You can’t keep running a business if you aren’t making money. Analyse how much you spend on labour, material, fixed costs, variable costs, and other running expenses. Look for supply chain optimisations you can make to further improve your costs.

Once you find opportunities to improve costs, and you still need to reduce your product pricing, you can pass those savings to your customers in the form of coupons, bundles, bulk or subscription discounts, and other special offers to keep your customers engaged and ready to make a purchase.

Ecommerce during COVID-19 has left many brands experimenting with discounts as things have changed practically over night. People are stockpiling essentials, so providing “hoarding” opportunities may help push skeptical customers into purchasing.

Step 4: Put your business priorities first

If you decide to maximise your market share by pricing aggressively against your competitors, your product quality might not be as high. Consider if it’s important for you to maximise market share with your product or maintain top quality against your competitors.

Step 5: Know your customers

Consider what your customers are willing to pay for a product and if there are better options in the market. Conduct surveys and/or in-depth research on what your target customers are looking for. This is especially important if you decide to use a value-based pricing strategy. Be sure to account for the coronavirus pandemic affecting many consumers at this time, as their spending habits may have shifted for non-essentials.

Step 6: Keep optimising

Pricing is dynamic and something to monitor now more than ever. As time goes on, your pricing can become stale as more competitors enter the space or shopping behaviours shift. Be sure you optimise your product pricing on a regular basis across all of your channels.

3 more factors to consider for product pricing

When pricing your products, you have to consider your ecommerce business’s goals and expenditures. Here are other factors you have to consider when looking at product pricing:

Fixed costs

Fixed costs are the expenses you incur regardless if you have 10 orders a month or 10,000. These include salaries, utilities, rent, insurance, and more. There is often little opportunity to lower your fixed costs, so you are incentivized to become more efficient and increase sales. That way, you average cost per order is reduced as you spread the fixed costs across every sale.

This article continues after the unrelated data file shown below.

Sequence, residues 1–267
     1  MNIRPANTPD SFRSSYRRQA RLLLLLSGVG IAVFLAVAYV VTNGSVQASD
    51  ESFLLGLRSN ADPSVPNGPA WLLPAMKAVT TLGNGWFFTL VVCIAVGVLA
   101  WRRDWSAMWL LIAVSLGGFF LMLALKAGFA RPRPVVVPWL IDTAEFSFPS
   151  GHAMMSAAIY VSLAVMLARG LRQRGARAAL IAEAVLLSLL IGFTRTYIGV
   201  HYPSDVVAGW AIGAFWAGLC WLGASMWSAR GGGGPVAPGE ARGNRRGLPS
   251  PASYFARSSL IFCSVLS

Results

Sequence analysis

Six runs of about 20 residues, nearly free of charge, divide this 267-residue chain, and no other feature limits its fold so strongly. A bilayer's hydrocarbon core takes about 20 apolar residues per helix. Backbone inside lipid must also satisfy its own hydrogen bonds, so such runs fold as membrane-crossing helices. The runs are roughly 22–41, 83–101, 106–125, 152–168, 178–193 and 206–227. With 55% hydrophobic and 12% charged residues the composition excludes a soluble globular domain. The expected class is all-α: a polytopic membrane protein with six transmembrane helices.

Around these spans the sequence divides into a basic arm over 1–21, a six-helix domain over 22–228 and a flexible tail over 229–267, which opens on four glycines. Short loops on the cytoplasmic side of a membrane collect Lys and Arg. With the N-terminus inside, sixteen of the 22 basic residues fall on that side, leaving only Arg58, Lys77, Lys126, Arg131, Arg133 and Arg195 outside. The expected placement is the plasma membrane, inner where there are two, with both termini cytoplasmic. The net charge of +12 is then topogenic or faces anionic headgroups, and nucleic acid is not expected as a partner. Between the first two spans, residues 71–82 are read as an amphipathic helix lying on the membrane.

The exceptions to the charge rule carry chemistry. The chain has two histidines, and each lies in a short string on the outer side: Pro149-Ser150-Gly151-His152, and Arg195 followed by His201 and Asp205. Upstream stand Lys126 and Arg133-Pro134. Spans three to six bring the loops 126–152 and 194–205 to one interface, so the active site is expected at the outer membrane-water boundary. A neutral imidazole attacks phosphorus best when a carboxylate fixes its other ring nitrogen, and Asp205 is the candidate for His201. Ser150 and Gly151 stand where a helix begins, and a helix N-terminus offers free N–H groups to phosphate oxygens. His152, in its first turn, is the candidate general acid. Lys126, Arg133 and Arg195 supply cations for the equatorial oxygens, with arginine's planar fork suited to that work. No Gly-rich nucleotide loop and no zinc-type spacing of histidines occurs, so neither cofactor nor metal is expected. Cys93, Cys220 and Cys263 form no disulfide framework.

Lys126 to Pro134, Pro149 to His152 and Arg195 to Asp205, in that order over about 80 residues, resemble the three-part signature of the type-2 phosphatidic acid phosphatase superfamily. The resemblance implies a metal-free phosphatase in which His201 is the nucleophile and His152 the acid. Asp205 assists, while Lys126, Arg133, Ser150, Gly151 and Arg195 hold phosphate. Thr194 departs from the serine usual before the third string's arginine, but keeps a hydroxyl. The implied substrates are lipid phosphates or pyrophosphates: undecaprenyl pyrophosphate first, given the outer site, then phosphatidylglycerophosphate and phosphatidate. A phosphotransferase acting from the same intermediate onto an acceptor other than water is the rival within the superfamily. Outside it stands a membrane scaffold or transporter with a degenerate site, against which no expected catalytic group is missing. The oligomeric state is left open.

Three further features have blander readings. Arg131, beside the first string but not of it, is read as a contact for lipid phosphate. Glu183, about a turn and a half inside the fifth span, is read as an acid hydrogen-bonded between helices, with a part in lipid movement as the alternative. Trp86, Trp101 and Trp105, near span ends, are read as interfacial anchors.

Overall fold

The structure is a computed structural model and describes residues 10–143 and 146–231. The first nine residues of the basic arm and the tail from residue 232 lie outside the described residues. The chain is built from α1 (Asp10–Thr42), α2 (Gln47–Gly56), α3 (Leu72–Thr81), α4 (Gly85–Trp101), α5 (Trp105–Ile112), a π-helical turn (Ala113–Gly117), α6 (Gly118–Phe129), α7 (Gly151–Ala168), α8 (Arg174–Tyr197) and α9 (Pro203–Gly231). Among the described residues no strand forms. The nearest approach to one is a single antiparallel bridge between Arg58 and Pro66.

Revenue targets

Are you focused on growing fast at all costs, or do you want to run a sustainable business that grows over time? While this may change over time, growing responsibly can be a determining factor in the longevity of your business, and an intelligent pricing strategy can help you get there. Have a target of what you hope to achieve and work backward by adding in all of your costs to see what the ideal price per product should be.


Just because you decided on a price for a product, this does not mean that it’s final. Take advantage of testing different price points and see which work best with your customers. Tweak messaging in your ad copy, on your optimised landing pages, and more to see what resonates. If something is not working, pivot and test the next idea.

2 tools to help your price better

Manually setting your prices can work if you’re just starting out, are operating in a niche industry, or have a low SKU count. However, as your business grows and more competitors pop up, you’ll need ways to optimise your pricing. This is especially true if you sell a lot of products and you manually set your prices and are constantly checking competitor’s prices, which are time-consuming activities. Luckily, there is pricing software that can help you determine optimal pricing.

1. Price Intelligently

Price Intelligently is pricing software for subscription businesses. With Price Intelligently, you can compare your prices to competitors and get data-driven recommendations on what your pricing should be.

2. Prisync

Prisync is pricing software for ecommerce businesses. All you have to do is plug in your products and it compares your product prices to competitors. With support for dynamic pricing, you can automatically change your prices to stay ahead of the competition.